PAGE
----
In the mail yesterday I recieved a little advertisement for a popular evangelical leader. The cover of this mailer proclaimed that 22% of all voters said that "moral values" was their primary issue. The letter part: "When Americans were asked about the issues that most affected their vote, 22 percent of the electorate said 'moral values' was at the top of their list, surpassing terrorism, the war in Iraq, health care, and other key domestic issues."
That is undoubtably true. 22% of voters, according to the Associated Press, did indeed cite "moral values" as their primary motivation. So, how are these people defining moral values? Do they mean anything relating to sex? ie gay marriage, sodomy, abortion, access to birth control? Is that our limited perspective on moral values?
Clearly people who voted based on access to health care, on terrorism, on poverty, on welfare, on the war, and "other domestic issues" were also voting on moral issues. They just didn't put them in those terms. Why is that? Have we all begun to define "morality" only in terms of things like abortion and homosexuality? Or were these people who voted on their moral convictions about the well-being of all simply reluctant to call their issues "moral issues" because we, as a country, have ceded this term to the far right? I know if an exit poller had asked me, I would have first wanted to say "moral issues" but would re-think so that I would not be confused with someone voting against rights for all and for restrictions on personal liberty.
We need to recognize several things. First of all, morals are not the sole purvue of religion, and certainly not of Christianity. Atheists, Bhuddists, Muslims, pan-theists can all be moral. But, and more importantly to me, I believe, is that fact that the particular brand of morality being pushed as "moral values" by some Christians is at times more ideological than anything else.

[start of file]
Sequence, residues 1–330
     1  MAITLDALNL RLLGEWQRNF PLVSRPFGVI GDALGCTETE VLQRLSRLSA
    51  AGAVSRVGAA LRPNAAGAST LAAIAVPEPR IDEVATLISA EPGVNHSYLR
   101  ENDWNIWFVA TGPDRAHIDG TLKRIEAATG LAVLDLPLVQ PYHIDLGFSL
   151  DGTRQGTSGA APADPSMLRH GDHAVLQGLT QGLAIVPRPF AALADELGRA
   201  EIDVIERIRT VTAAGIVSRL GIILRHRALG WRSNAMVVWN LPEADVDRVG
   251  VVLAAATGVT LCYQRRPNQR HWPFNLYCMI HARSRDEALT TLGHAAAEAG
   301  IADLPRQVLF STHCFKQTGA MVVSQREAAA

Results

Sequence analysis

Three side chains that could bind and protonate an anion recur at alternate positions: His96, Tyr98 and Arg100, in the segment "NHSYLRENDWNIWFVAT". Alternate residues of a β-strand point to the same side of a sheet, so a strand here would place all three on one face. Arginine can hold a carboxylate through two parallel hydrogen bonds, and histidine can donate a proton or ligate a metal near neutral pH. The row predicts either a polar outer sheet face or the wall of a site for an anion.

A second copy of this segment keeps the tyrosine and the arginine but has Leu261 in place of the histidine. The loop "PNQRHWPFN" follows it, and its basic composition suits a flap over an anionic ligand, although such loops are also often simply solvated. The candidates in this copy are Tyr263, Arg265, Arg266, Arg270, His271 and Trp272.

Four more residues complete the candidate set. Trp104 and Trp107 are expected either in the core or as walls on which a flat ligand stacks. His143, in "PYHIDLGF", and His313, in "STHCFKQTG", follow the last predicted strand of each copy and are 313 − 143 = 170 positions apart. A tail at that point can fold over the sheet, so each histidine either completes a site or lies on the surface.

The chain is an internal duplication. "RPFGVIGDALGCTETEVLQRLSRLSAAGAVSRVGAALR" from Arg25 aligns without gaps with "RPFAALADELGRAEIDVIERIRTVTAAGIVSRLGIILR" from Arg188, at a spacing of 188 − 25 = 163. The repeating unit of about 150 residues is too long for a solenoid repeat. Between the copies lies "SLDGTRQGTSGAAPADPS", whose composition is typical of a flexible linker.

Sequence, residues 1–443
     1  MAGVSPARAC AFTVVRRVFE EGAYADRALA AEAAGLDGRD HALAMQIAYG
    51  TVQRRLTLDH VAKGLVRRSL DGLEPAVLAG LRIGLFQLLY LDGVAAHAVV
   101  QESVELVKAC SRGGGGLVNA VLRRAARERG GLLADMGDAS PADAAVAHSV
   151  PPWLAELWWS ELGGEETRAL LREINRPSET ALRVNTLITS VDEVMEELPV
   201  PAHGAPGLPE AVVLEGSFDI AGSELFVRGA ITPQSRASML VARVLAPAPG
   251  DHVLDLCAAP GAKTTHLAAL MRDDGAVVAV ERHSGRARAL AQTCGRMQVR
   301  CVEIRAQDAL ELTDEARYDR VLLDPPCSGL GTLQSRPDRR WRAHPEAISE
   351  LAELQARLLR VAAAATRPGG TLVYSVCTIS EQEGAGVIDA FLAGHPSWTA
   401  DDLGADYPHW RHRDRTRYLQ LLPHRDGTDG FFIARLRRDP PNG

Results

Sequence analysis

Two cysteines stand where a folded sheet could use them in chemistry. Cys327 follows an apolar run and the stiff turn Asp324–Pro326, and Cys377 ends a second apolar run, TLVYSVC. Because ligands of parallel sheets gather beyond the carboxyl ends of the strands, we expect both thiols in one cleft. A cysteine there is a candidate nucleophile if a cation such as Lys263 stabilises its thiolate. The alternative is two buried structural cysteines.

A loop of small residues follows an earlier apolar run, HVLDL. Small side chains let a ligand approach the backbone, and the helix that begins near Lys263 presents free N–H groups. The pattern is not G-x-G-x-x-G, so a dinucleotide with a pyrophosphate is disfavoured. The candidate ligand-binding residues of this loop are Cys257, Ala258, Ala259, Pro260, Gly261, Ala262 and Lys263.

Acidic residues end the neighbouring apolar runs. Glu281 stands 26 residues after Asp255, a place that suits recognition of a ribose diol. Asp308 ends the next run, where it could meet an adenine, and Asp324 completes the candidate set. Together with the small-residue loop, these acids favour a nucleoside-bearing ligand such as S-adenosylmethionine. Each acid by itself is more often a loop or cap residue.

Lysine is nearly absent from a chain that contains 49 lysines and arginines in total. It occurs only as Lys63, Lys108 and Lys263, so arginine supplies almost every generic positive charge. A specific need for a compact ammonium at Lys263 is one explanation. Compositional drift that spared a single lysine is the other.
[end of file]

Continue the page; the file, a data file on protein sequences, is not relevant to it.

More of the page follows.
I believe God is neither Republican nor Democratic; Christianity should maintain a moral independence from partisan politics so that it is equally able to critique the right and the left.
It is easy for us to lose sight of the fact (a point that John Kerry certainly lost) that part of our moral charge in the world, as Christians, and a part of maintaining our basic humanity, as human beings, is caring for and loving our neighbors. These, I believe, are absolutley moral issues. These are things on which I voted on November 2. I voted for health care as a right, not a privilege. I voted on a guarantee for all children to go to good schools. I voted on the saving of American lives who are dying for an ideological cause while we ignore the fight against terrorism. I voted on a fair and living wage for all workers. I voted that no family with a full-time worker should live in poverty. I voted to be a good steward of the environment God created. These are all moral issues that I voted on. But, according to our popular definition (as defined by the Religious Right), I did not vote on moral issues at all.
Does that make those who disagree with me "immoral"? Certainly not. A person can have a "free-market" system of morality and vote against minumum wages, health care, welfare, etc. That does not make them un-Christian or immoral. That means that they have different moral values than I do. I know many people, people who I look up to for their Christian living and example, whose morals differ from mine as much as night from day. And I know we voted for different candidates. We are all moral and we are all Christian. I know several people who are not Christian who are moral, with similar and with different moral systems than me.
I guess that is the point of this post. Morality doesn't belong to religion in general or Christianity in particular. And "morality" isn't this one set of values and beliefs that everyone must hold in order to be moral. I may view it as fundamentally immoral that we let children go without health insurance. I have several friends who would disagree. Yet they are moral people.
So, when next you refer to "moral values," ask "whose values?" "how did they get defined?" "why do I hold them?" "what is it based on?"
For Christians, we ought to hold ourselves (and politicians) to the challenge given by Micah, to "do justice, love kindness, and walk humbly with your God."